To be baptised into Jesus is to be baptised into His body, 1Cor 12.12-14. To be added to Jesus is to be added to His church, Acts 5,14 "And believers were increasingly added to the Lord..."; Acts 2.47 "And the Lord added to the church daily those who were being saved". You can't have one without the other. A relationship with God is worked out in the context of relationship with His people. This is where we grow, share our gifting, find mutual accountability, are built up and strengthened in our faith.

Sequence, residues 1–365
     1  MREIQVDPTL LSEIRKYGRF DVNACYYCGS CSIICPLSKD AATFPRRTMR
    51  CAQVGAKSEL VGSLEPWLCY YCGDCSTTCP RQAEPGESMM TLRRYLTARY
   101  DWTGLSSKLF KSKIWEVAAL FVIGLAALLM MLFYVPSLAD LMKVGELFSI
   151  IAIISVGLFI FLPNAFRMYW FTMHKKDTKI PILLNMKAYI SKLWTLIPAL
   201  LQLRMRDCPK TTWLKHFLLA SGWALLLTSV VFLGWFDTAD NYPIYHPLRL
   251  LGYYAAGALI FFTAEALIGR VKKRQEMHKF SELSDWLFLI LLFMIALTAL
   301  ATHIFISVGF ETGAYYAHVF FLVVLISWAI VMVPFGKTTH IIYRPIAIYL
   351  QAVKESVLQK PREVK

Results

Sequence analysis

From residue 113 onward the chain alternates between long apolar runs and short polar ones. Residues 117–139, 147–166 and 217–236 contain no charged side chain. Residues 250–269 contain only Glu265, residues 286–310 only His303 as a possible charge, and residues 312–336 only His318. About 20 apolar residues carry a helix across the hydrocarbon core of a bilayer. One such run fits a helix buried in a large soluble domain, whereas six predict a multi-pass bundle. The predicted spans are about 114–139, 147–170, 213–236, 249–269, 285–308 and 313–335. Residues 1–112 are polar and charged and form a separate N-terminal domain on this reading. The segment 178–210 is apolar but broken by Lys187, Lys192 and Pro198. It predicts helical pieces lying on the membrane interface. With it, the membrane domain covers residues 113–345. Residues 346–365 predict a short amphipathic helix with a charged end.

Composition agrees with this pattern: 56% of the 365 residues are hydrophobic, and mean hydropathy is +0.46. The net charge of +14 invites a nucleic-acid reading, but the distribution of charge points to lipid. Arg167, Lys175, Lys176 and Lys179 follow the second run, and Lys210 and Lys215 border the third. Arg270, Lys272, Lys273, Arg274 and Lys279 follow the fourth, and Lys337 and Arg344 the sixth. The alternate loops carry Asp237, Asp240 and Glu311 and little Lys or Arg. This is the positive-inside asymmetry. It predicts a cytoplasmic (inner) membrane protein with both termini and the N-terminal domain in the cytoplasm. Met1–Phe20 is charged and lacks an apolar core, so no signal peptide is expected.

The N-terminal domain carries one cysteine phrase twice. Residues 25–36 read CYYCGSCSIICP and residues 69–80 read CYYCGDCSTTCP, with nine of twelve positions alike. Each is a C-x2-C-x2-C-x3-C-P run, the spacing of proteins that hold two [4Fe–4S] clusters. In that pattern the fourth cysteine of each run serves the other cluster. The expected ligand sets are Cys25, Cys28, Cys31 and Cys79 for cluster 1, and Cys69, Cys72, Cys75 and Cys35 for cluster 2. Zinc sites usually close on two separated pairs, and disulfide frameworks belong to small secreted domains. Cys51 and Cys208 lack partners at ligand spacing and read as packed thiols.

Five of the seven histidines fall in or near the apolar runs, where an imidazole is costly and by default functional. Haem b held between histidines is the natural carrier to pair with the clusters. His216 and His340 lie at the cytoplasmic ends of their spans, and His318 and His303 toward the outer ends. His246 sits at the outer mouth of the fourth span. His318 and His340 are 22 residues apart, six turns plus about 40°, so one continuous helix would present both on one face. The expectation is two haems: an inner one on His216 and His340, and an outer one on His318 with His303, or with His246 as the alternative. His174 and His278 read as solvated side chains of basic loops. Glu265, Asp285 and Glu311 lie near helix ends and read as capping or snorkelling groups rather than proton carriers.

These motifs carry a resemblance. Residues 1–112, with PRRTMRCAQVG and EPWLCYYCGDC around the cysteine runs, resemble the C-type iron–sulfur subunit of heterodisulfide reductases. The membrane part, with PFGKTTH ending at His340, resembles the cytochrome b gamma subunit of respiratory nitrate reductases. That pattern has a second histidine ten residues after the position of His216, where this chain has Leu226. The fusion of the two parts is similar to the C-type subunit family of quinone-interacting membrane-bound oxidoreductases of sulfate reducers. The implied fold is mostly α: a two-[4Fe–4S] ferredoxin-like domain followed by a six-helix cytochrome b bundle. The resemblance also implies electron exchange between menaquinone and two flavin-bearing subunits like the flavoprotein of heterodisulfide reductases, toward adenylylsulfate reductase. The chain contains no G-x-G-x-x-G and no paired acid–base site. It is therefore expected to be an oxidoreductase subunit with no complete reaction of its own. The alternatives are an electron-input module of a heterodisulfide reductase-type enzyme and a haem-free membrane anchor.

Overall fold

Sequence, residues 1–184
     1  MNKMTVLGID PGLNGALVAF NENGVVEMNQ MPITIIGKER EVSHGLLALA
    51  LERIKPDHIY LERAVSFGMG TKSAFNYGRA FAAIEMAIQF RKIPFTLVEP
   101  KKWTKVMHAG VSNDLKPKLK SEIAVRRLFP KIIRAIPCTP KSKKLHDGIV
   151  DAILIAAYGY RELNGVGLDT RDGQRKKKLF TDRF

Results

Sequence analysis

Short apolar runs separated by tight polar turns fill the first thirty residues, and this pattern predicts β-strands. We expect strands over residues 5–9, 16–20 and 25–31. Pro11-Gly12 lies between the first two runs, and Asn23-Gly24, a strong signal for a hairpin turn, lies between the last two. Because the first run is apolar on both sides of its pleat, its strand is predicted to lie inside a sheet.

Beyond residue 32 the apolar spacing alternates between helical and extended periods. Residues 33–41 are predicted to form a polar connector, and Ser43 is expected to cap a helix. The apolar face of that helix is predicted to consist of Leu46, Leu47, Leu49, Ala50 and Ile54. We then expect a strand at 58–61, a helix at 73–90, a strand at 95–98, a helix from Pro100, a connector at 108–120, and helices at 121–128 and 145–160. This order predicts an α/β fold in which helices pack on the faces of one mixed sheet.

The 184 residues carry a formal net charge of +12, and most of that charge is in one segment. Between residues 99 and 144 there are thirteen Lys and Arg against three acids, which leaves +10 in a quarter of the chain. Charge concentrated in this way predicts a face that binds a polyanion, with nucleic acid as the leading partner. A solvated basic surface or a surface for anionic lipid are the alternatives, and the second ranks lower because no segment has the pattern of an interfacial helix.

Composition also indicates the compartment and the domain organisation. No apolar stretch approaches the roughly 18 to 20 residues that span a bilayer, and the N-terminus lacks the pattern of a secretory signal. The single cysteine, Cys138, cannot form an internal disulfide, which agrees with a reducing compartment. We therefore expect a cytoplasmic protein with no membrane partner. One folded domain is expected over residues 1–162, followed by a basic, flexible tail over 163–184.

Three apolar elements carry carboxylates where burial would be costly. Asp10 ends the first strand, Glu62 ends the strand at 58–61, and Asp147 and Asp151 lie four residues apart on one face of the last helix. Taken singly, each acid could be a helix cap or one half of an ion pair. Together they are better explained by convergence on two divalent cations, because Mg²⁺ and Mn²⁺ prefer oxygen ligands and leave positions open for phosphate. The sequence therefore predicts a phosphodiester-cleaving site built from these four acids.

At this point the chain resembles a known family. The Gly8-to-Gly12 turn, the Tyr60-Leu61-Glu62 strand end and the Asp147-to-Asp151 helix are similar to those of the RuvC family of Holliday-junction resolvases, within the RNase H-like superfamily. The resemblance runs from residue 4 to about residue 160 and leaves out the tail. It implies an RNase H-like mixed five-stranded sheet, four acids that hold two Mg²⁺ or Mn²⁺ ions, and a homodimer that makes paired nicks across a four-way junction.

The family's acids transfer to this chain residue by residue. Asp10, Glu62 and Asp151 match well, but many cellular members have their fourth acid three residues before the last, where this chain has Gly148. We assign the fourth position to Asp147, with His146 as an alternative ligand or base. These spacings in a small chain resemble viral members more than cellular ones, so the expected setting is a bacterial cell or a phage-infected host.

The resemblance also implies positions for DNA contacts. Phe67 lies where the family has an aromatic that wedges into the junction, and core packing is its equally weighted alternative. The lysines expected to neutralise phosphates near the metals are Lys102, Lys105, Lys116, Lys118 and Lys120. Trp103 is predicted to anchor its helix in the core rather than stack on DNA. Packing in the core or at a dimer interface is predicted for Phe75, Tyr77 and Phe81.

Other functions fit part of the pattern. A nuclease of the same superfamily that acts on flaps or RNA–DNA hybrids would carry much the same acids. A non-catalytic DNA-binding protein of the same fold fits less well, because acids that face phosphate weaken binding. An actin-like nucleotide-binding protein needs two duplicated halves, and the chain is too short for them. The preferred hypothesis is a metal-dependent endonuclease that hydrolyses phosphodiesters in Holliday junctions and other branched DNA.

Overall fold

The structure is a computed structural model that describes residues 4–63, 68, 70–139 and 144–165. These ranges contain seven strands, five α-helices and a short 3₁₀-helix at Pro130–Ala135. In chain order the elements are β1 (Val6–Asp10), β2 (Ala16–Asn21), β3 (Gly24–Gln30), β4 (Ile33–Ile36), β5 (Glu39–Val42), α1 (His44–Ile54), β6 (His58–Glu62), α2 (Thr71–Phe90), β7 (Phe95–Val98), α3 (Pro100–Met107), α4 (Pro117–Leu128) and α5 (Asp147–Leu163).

These four faces of the church reflect the four faces of Jesus. We need them all. To focus only on one is loose something of Jesus. He is all things to all men. And the church is called to go into all the world to make Him known. We will find ourselves more naturally attracted to one or two of the face more than the others. But the truth is that we need them all. The task of leadership is to know what season the church is in so that world sees the right face and gets a clearer revelation of Jesus. For He stands in Heaven at the centre of it all. And the church is on earth to give Him his rightful place here too.